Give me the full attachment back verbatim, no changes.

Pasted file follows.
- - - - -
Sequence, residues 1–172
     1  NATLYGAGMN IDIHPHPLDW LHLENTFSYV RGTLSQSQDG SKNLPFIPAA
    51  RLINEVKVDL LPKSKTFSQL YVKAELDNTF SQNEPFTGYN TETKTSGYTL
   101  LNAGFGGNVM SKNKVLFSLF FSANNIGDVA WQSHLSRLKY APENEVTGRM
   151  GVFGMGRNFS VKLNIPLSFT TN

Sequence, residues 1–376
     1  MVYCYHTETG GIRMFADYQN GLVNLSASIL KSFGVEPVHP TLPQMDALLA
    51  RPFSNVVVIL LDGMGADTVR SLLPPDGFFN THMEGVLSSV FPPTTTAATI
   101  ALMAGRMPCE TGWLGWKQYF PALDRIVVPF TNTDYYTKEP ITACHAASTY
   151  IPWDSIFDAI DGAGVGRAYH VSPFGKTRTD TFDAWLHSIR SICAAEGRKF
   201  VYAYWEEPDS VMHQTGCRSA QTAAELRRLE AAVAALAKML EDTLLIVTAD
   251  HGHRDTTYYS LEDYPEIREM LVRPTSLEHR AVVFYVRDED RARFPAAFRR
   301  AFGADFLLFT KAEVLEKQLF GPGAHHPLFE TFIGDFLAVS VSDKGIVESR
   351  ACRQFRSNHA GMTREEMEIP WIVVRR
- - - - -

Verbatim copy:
Sequence, residues 1–172
     1  NATLYGAGMN IDIHPHPLDW LHLENTFSYV RGTLSQSQDG SKNLPFIPAA
    51  RLINEVKVDL LPKSKTFSQL YVKAELDNTF SQNEPFTGYN TETKTSGYTL
   101  LNAGFGGNVM SKNKVLFSLF FSANNIGDVA WQSHLSRLKY APENEVTGRM
   151  GVFGMGRNFS VKLNIPLSFT TN

Sequence, residues 1–376
     1  MVYCYHTETG GIRMFADYQN GLVNLSASIL KSFGVEPVHP TLPQMDALLA
    51  RPFSNVVVIL LDGMGADTVR SLLPPDGFFN THMEGVLSSV FPPTTTAATI
   101  ALMAGRMPCE TGWLGWKQYF PALDRIVVPF TNTDYYTKEP ITACHAASTY
   151  IPWDSIFDAI DGAGVGRAYH VSPFGKTRTD TFDAWLHSIR SICAAEGRKF
   201  VYAYWEEPDS VMHQTGCRSA QTAAELRRLE AAVAALAKML EDTLLIVTAD
   251  HGHRDTTYYS LEDYPEIREM LVRPTSLEHR AVVFYVRDED RARFPAAFRR
   301  AFGADFLLFT KAEVLEKQLF GPGAHHPLFE TFIGDFLAVS VSDKGIVESR
   351  ACRQFRSNHA GMTREEMEIP WIVVRR